Friday, September 20, 2013

Dragon City Tea House at 彩虹牛池灣村67號B地下 Dimsum to Die For!

If you only know the cosmopolitan and uber trendy side of Hong Kong, you miss out on the many amazing pockets of deliciousness that are tucked away from the tourist's gaze.
Choi Hung Estates in Hong Kong is one of the oldest public housing estates.  The many towers of apartment buildings have given rise to a sprawling market, dai pa dongs, and traditional eateries where only the locals eat.

On this last solo excursion to Hong Kong, I asked Michael Hansen of Hansen's Hikes to plan another hike for me -- albeit an urban crawl this time.  I also specifically requested that we end our walk with lunch at another very local, traditional eatery.  
And so, this is how I discovered Dragon City Tea House.
As you can see from the photo, it's a ramshackle kind of place (without an English sign) but don't be deceived -- the dilapidated, shabby ambience is inversely proportional to the taste of the food.

This being a "tea house" Dragon City serves light refreshments from morning till noon but there are other small dishes that may be ordered.  We settled on dim sum since Michael vouched that varieties on hand were well worth ordering.
The hakaw or har gow were indeed rave worthy -- the skin was translucent and fine but didn't break, stick or tear when you lifted it from the steamer.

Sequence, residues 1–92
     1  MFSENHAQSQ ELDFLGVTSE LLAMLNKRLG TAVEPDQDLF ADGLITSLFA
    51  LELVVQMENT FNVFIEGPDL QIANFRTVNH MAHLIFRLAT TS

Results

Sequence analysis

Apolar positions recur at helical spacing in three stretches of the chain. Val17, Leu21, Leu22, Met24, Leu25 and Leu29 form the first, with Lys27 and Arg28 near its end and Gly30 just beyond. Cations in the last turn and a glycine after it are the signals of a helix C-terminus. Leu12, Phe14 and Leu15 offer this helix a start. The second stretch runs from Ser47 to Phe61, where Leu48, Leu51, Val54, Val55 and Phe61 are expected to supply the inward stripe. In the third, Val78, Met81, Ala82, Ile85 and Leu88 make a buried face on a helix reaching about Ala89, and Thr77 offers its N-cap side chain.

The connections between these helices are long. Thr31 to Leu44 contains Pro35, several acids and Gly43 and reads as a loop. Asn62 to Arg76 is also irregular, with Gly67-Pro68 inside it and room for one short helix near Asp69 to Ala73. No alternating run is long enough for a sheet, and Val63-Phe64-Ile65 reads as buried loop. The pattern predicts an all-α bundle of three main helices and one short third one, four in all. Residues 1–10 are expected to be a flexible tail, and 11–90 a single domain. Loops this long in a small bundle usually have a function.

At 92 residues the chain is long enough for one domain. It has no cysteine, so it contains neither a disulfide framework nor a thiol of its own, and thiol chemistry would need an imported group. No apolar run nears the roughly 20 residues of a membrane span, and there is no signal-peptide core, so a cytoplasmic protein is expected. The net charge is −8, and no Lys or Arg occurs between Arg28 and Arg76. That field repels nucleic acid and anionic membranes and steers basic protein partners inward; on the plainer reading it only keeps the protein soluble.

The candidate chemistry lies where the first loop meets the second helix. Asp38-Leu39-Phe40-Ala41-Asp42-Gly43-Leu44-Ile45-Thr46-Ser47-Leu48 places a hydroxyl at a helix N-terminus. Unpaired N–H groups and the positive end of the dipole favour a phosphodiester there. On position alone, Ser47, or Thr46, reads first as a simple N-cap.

Each small lovely bundle yielded several plump and fresh prawns inside.  It was much better than har gow I had eaten in far fancier and more expensive places.

What dim sum meal is complete without siu mai?  This most popular and classic dim sum was outstanding too.  Delectably delicious,  I could really detect each tasty little bit of coarsely ground seasoned pork.  The bright smidgen of colour on top was not grated carrot but real shrimp roe -- the traditional topping for siu mai.

I had to try the steamed spare rib rice which came with chicken feet.  This was so well seasoned with the flavours of black bean and red chili pepper mixing with the aroma and and fragrance of the glutinous rice.  I ate it local style -- putting the small bones neatly on the table, beside my cup.

Lots of locals were already eating when we arrived.  Dim sum is a casual meal and you can see from the regulars just how relaxed the atmosphere is.  We actually shared our table with two other solo diners but I must admit, we dawdled over our meal far longer than they did.

A pot of black tea accompanied our orders.  I was certainly amused when the same hot tea that we drank was the same liquid that they used to scald the utensils and tea cups that were given to us.
Since it was boiling hot, I suppose it was enough to "kill" all the germs.

The dim sum cart  is in plain view of every one.  If you want to eat some more, all you have to do is walk over and make your choice.

I thought that this dim sum roll looked interesting -- the yuba or tofu skin is wrapped around strips of ham and vegetables.  It was very savoury and quite filling.

There were metal hooks on the ceiling -- Michael said that the locals who come for their tea and dim sum breakfast each morning bring their pet birds and hang the cages on these hooks.
I can just imagine how busy, noisy and cheerful breakfast time must be.
It's another experience to look forward to, next time I am in Hong Kong.other

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